Full Video: Ariel Waldman's Hacker's Guide to the Galaxy

At the heart of something good there should be a kernel of something undefinable. And if you can define it, or claim to be able to define it, then in a sense you have missed the point. John Peel

This is perhaps my favorite quote from IdeaFestival 2013 because it goes to the beating heart of discovery: it will always be the work of amateurs, individuals for whom the "something good" is never complete.

While Ariel Waldman spoke at length of her love of space, the loosely drawn inner connections from her work with Science Hack Day also resonated with me because every discovery springs from an openness to experience, a willingness and capacity to feel things anew. It's what the IdeaFestival is all about. This is what I wrote last year, live-blogging her talk:

Segueing into Science Hack Day, an event for which she is probably more well known, she says that its mission is to regain a bit of the old excitement, of sheer possibility. The people who show up at one of those events are amateurs. They don't HAVE to know where their idea or project is going. She describes several hacks - building a wind tunnel to test a series of letters that will make a new typeface; or a lamp that lights up each time an asteroid passes the Earth; or a mask that would simulate synesthesia, aptly named, given the creepy image she display, 'syneseizure;' or a cocktail made with DNA. On the latter she issues a warning - 'it tastes disgusting.'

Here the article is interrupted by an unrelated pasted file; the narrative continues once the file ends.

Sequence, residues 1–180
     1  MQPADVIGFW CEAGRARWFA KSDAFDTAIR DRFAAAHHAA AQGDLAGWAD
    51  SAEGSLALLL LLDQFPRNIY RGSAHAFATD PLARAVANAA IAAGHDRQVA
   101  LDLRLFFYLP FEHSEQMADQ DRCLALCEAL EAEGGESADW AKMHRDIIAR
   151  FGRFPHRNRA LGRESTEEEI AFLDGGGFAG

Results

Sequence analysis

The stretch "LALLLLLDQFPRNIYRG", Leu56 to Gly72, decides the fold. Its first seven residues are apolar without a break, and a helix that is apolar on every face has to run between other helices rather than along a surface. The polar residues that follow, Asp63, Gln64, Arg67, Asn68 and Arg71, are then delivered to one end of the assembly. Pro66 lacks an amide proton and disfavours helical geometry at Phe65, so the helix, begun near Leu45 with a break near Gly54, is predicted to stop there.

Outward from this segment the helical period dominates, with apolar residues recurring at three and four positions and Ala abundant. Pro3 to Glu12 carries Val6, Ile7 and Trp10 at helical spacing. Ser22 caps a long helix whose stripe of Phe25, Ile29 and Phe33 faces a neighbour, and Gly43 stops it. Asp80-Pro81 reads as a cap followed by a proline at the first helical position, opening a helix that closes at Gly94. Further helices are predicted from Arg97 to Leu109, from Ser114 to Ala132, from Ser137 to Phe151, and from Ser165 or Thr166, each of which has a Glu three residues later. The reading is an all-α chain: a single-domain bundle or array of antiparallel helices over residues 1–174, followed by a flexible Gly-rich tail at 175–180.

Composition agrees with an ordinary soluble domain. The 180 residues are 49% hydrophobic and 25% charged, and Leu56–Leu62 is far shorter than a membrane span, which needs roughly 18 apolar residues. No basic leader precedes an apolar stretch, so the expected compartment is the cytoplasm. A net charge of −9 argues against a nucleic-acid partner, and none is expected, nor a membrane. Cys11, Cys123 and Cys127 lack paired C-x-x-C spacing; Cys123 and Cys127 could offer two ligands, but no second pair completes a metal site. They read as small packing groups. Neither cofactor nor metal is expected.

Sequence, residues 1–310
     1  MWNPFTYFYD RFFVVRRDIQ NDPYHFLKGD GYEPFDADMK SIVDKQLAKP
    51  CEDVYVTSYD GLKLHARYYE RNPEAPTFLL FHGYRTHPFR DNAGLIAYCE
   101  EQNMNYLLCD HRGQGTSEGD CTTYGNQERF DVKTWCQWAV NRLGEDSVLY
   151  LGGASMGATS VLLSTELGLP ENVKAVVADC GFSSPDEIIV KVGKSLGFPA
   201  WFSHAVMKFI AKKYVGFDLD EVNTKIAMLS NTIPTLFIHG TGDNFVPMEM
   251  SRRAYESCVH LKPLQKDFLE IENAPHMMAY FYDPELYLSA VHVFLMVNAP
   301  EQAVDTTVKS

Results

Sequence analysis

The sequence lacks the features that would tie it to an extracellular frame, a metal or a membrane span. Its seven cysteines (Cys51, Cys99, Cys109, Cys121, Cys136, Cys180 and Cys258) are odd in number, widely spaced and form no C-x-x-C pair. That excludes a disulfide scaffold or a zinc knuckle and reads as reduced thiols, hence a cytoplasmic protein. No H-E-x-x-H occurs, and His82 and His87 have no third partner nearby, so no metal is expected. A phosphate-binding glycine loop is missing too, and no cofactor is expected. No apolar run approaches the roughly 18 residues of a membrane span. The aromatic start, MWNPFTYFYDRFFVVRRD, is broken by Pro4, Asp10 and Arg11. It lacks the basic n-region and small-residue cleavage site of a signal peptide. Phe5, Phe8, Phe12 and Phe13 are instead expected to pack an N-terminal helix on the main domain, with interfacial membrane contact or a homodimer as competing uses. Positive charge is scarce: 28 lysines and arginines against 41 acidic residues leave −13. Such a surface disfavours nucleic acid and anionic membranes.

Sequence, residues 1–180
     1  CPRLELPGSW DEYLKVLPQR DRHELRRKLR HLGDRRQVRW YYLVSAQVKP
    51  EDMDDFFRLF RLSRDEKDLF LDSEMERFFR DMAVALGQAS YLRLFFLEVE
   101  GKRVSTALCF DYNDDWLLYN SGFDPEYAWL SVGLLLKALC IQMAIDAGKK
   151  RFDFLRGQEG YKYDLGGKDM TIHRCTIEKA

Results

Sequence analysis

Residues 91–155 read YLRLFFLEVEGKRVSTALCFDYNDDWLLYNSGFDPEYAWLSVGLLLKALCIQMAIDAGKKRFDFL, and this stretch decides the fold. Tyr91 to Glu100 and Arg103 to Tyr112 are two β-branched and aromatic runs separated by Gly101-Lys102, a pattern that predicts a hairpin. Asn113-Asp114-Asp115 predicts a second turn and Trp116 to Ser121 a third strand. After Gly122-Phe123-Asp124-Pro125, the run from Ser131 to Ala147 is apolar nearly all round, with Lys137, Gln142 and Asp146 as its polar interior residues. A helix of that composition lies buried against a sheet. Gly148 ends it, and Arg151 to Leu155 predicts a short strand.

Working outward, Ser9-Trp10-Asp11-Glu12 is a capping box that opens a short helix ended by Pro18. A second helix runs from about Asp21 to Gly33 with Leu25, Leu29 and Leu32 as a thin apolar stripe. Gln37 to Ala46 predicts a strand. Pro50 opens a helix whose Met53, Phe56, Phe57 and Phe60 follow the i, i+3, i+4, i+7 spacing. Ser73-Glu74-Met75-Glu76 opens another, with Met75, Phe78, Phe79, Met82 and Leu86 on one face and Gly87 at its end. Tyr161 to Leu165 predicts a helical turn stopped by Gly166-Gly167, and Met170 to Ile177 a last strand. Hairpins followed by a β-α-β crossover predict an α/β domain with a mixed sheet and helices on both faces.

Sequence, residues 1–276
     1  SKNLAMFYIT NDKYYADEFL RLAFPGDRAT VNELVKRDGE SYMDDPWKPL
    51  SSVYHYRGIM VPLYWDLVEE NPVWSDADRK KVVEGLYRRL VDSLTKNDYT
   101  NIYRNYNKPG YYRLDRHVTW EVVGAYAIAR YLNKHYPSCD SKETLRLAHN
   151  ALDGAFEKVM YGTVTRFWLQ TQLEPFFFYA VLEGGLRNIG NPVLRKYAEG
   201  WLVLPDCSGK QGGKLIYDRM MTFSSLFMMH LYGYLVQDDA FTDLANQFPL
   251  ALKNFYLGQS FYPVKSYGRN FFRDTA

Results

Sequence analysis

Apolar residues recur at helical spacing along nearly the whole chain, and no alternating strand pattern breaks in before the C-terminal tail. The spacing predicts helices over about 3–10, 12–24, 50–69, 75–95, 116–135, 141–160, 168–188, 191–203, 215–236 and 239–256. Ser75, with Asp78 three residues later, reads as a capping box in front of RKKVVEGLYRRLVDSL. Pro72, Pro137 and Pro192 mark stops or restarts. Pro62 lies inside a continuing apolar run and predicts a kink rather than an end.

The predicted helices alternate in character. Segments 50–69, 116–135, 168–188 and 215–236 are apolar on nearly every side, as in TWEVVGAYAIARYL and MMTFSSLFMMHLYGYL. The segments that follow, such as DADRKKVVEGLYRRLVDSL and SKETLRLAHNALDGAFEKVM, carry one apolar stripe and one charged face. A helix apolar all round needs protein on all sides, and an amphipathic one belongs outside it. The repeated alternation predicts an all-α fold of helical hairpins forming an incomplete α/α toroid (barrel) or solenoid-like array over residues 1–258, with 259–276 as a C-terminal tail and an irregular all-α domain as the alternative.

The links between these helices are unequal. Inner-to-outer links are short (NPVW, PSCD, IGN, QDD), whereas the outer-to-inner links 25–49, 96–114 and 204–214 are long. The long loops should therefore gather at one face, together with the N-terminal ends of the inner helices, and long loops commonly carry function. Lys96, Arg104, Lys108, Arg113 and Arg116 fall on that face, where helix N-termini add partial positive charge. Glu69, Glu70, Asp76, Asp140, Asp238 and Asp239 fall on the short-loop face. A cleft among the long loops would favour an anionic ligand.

What if, she continues, one could listen to mapped sounds of high energy particle collisions? And in fact, she points out, one such instrument has been created, 'particle wind chimes.' There's more: given license to roam freely, to make new and maybe unorthodox connections, the creator of the particle wind chimes may have created something with real diagnostic potential in the hands of physicists. Formerly abstract concepts have been made available to the senses of researchers.

Find some time today to watch the video, which includes a terrific Q&A with MIT Technology Review editor Jason Pontin. You won't be disappointed.

Stay curious.